Miners race for nickel as electric-car revolution looms


Mining updates

In remote northern Ontario, hundreds of kilometres from the nearest railway or paved road, the world’s largest mining group and an Australian metals tycoon are in a bidding war for a deposit containing millions of tonnes of nickel.

The battle between BHP and Andrew Forrest’s Wyloo Metals for the asset’s owner Noront Resources comes as miners race to meet surging demand for battery metals as electric vehicles go mainstream.

Demand for nickel, which is used in more powerful electric-car batteries and will be key to bigger vehicles such as electric trucks, is set to grow 19-fold by 2040 if the world meets the Paris climate goals, according to the International Energy Agency.

Yet most of the increase in supply this decade is set to come from Indonesia, a market overwhelmingly powered by coal-fired electricity where Chinese companies are building nickel processing projects.

That has prompted a race to secure new sources of supply as companies in rich nations are forced to drastically reduce their carbon footprints.

Australian miner IGO said last month that it was in preliminary discussions over a takeover of Australian nickel miner Western Areas, while Rio Tinto has backed a nickel mine in the US being developed by Talon Metals. Glencore-controlled PolyMet is developing a large copper and nickel project in Minnesota.

“We can see an increase in the M&A in nickel which is driven by the need for sustainable nickel and nickel that’s outside the Chinese supply chain,” said Steven Brown, a nickel consultant. “There’s been a bit of geopolitics that have influenced that — people are looking to de-risk the supply chain by reducing dependence on one country.”

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BHP’s bid for Noront on July 27 was part of chief executive Mike Henry’s efforts to get more exposure to “future-facing metals”, following the company’s decision to sell its oil assets last month.

But Wyloo Metals, a company set up by Forrest, which already owns 24 per cent of Noront, countered last week with an offer 27 per cent higher than BHP’s C$325m (US$256m) bid.

“As we have shown from day one of this process, Wyloo Metals is fully committed to working quickly and collaboratively to formalise a binding superior proposal for the benefit of Noront shareholders,” said Luca Giacovazzi, head of Wyloo.

Shares in Noront have risen 146 per cent since BHP’s offer to trade at C$0.80 cents.

Alan Coutts, chief executive of Noront, said the sustainability of the mine was a key factor behind the acquisition interest. The company plans to dispose of its waste “tailings” underground, rather than behind a dam on land, and also relies on hydro and nuclear power rather than coal.

“I think the provenance is important, and Ontario is a very attractive jurisdiction, because the electrical grid doesn’t depend on carbon in any shape or form — all the coal-burning power plants were decommissioned,” he said. “It does give a competitive advantage.”

Coutts said the provincial government had committed to building a 300km road to the Eagle Nest deposit, in consultation with a number of First Nations communities, whose territory it will pass through. He said that he expected the road to be built by 2027.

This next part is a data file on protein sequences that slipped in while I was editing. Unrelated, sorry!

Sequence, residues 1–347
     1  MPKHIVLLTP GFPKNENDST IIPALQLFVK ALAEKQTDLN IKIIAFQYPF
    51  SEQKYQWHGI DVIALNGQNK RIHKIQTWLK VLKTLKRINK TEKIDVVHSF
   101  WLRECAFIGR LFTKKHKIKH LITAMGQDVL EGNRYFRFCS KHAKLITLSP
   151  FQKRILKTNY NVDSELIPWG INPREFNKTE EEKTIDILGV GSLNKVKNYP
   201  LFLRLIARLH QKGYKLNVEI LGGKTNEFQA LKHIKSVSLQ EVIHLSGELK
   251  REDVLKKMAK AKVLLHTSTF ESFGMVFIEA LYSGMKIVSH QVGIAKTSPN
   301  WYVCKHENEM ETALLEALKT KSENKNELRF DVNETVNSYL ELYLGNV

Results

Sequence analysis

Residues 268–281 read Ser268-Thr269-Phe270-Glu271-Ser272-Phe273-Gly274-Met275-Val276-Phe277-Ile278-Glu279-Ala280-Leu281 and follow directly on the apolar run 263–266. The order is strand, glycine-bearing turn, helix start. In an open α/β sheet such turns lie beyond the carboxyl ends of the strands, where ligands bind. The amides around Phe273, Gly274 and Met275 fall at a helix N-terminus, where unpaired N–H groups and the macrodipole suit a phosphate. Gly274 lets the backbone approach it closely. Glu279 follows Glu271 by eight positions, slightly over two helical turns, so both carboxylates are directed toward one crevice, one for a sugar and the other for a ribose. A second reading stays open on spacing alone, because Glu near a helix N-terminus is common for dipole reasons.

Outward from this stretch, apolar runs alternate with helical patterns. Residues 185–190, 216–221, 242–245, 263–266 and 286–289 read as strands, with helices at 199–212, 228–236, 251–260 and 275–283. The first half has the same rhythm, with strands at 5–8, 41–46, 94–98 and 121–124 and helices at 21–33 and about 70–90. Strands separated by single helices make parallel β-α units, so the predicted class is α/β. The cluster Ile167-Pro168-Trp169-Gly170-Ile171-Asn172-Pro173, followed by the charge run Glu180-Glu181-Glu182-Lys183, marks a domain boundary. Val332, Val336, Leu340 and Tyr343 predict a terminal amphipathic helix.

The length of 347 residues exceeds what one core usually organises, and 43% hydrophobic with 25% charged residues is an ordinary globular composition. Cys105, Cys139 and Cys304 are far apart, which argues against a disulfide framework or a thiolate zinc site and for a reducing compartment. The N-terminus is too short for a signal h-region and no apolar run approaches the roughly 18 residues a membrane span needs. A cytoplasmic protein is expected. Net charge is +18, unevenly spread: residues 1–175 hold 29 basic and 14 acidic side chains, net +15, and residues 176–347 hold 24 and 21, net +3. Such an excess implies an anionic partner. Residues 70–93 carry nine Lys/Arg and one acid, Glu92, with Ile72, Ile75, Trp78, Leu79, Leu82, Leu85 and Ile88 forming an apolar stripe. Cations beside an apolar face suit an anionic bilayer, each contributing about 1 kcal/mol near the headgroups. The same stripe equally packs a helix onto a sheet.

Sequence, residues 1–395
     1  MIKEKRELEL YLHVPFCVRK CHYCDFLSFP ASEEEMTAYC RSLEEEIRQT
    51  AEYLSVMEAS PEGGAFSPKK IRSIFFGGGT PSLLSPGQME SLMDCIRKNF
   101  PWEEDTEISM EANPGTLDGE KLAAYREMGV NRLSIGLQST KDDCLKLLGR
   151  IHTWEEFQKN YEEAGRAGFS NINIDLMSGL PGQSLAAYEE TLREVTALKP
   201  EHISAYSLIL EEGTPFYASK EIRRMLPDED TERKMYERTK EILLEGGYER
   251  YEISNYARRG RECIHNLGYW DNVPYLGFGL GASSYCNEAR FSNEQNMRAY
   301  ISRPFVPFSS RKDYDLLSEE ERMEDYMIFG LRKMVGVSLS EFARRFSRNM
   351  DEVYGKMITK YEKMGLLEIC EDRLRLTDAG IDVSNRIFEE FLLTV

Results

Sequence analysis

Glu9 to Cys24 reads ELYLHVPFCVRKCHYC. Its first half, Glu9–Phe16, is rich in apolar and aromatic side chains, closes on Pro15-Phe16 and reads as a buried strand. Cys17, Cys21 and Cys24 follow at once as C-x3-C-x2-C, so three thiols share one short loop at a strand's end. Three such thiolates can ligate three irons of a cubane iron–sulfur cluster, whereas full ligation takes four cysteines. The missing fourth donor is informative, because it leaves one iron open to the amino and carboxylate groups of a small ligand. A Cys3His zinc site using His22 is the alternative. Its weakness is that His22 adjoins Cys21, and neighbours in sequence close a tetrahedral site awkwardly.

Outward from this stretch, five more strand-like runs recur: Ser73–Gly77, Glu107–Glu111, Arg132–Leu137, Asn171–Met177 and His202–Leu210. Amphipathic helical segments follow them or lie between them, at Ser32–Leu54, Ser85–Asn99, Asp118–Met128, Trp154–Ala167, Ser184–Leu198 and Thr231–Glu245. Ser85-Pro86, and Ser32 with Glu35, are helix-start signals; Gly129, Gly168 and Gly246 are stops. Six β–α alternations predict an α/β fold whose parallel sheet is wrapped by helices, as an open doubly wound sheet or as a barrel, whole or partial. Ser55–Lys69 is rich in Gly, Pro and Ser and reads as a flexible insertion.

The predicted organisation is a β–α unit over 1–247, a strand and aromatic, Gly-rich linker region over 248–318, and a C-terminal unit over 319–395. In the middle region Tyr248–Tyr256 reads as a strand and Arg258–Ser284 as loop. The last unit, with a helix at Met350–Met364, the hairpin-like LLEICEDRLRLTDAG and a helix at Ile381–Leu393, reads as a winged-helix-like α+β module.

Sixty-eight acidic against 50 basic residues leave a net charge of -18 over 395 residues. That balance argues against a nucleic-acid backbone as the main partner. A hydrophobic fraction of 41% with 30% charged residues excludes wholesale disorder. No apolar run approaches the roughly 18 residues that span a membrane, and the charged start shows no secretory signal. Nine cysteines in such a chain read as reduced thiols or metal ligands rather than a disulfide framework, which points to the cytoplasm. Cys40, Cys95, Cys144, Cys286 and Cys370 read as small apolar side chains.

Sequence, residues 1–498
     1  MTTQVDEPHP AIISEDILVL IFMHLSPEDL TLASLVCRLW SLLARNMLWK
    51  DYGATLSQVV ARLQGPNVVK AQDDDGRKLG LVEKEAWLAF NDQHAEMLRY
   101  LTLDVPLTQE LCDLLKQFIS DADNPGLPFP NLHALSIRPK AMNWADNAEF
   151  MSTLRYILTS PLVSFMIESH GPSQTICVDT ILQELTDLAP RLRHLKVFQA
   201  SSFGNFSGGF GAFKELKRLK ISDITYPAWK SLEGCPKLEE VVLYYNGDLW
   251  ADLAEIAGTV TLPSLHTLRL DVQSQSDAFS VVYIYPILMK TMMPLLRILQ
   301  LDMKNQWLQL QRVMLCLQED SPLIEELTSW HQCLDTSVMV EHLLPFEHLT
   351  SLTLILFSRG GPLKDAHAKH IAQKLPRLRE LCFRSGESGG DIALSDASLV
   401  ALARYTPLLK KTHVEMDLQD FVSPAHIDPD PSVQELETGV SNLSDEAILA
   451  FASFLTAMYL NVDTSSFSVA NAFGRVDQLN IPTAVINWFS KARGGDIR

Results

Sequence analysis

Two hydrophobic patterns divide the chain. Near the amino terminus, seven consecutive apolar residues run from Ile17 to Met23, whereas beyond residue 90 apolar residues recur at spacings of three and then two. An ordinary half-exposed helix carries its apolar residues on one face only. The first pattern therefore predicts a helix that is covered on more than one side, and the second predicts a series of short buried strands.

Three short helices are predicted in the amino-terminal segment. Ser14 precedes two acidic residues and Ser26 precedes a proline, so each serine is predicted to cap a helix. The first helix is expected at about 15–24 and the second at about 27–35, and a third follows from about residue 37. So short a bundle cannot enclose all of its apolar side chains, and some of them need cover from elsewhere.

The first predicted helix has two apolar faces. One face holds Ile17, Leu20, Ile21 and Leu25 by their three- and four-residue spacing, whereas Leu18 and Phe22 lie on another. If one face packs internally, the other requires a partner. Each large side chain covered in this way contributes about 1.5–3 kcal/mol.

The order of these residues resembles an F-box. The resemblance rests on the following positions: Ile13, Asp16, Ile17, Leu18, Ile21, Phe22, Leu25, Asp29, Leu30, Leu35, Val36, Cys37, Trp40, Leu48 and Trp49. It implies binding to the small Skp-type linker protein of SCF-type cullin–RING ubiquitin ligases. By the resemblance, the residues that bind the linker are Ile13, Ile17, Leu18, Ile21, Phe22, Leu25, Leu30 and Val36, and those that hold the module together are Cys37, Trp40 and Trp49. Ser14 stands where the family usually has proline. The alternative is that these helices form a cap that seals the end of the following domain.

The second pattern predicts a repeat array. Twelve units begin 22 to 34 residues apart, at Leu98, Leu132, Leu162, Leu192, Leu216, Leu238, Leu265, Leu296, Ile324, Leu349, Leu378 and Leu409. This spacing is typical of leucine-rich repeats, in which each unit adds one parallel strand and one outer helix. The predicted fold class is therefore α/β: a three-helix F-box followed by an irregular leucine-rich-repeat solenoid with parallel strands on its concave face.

Car companies are willing to pay a price premium for nickel sustainably produced outside of Indonesia, analysts say. From 2024 the EU has proposed that only batteries with carbon footprint declaration can be sold in Europe, making it difficult for them to rely on Indonesian supply.

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Tesla has already signed deals to buy nickel from BHP in Australia, Vale in Canada and a Trafigura-backed consortium in New Caledonia. Korean battery company LG Chem signed a deal last month to buy nickel for six years from Australian Mines, which is developing a project in North Queensland.

The administration of Joe Biden is also keen to develop a North American-based supply chain for minerals such as nickel, Henri van Rooyen, chief executive of Talon Metals, said. At the moment the only nickel produced in the US is sent to China to enter the battery supply chain, he added.

But western mining companies will struggle to compete with the volume of nickel coming from Indonesia, according to Jim Lennon, an analyst at Macquarie who expects Indonesian supply to make up 60 per cent of global supply by 2027, up from 30-40 per cent today.

“The difference is, China is actually building this stuff whereas virtually none of the projects outside of China are under construction,” he said. “These projects are part of the supply solution but the bulk of the supply will come from Indonesia. There’s no alternative.”

Brown said that Chinese companies involved in Indonesian projects, including stainless steelmaker Tsingshan and cobalt producer Huayou Cobalt, would also clean up their operations and switch to renewable energy if that was demanded by customers.

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“It’s not impossible for Indonesian producers to move towards a greener product,” he said. “Once they do that green premium will disappear.”



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